Fiscal policy of the United States

Fiscal policy of the United States

Historically, the United States government has tended to spend more than it takes in, with national debt that was close to $1 billion at the beginning of the 20th century. The budget for most of the 20th century followed a pattern of deficits during wartime and economic crises, and surpluses during periods of peacetime economic expansion. This pattern broke from fiscal years 1970 to 1997; although the country was nominally at peace during most of this time, the federal budget deficit accelerated, topping out (in absolute terms) at $290 billion for 1992. In 1998 - 2001, however, gross revenues exceeded expenditures and a surplus. In 1998, the Federal budget reported its first surplus ($69 billion) since 1969. In 1999, the surplus nearly doubled to $125 billion, and then again in 2000 to $236 billion. [] However, the budget has returned to a deficit basis, and the estimated U.S. deficit for fiscal year 2005 was $319 billion.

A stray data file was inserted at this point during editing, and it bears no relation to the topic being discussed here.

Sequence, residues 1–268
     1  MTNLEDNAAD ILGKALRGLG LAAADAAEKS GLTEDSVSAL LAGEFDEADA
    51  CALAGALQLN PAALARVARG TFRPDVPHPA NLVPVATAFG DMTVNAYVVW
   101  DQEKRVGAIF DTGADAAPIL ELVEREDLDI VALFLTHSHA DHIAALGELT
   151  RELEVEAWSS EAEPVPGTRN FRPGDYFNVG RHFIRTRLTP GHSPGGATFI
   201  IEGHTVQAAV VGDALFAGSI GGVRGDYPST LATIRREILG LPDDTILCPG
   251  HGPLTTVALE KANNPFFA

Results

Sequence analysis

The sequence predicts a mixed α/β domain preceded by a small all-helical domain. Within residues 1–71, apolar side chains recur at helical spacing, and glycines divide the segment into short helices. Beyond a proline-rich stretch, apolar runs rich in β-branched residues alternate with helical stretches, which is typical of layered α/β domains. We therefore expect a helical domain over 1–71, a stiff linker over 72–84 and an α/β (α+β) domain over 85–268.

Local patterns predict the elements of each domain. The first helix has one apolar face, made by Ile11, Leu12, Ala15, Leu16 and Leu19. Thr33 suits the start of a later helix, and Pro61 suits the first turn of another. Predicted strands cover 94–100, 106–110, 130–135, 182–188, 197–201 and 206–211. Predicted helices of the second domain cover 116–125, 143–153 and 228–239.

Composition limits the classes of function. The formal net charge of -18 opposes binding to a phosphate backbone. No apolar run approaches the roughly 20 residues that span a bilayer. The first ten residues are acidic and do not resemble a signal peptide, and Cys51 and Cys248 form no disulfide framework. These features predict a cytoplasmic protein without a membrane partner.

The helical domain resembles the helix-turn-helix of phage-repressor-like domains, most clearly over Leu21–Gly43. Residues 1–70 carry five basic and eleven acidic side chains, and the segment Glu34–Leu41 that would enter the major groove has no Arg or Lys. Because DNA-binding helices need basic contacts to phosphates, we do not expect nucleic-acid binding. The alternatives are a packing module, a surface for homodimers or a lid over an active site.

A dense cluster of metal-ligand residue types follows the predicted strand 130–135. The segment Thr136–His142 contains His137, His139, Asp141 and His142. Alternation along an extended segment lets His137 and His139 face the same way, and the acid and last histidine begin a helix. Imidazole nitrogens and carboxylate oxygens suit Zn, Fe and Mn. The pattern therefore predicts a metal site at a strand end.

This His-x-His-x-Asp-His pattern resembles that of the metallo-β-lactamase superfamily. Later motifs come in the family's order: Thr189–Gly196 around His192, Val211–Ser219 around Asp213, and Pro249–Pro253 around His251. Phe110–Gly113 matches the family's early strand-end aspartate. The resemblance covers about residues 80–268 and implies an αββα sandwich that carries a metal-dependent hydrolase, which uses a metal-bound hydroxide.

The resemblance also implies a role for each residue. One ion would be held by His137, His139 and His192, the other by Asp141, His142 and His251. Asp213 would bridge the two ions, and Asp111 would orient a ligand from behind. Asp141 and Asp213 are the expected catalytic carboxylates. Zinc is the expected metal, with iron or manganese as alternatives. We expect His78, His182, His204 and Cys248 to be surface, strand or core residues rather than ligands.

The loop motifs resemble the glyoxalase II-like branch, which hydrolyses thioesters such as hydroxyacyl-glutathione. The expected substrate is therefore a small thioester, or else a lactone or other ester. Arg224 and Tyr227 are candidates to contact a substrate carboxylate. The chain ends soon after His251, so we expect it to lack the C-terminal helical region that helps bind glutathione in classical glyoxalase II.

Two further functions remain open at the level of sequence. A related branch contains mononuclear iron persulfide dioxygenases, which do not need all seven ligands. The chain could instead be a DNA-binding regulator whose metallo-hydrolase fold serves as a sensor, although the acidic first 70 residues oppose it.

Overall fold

As a percentage of the gross domestic product (GDP), within the context of the national economy as a whole, the highest deficit was run during fiscal year 1943 at over 30% of GDP, whereas deficits during the 1980s reached 5-6% of GDP and the deficit for 2005 was 2.6% of GDP, close to the post-World War II average.

An issue about counting so-called "off-budget" items such as Social Security, which are presently running a large surplus, complicates discussion of budget deficits, as do the inevitable attempts by the party in power to downplay the deficit, while the other party exaggerates it. Nonetheless, the Social Security Administration does not see a large surplus -- while it is an example of an "off-budget" item, its own financial woes are generally recognized by experts on both sides of the aisle.

The budget surplus for Social Security that is essentially offsetting the deficit was approximately $150 billion in 2002, increasing the deficit ratio to almost 4% from 2.6% of GDP.

See also

* Office of Management and Budget
* Congressional Budget Office
* U.S. public debt


* [ Monetary and Fiscal Policy] from the US State Department

External links

* [ Savings rate viz Fiscal Deficit] Historical comparism of the Savings rate viz Fiscal Deficit ( since 1981 )

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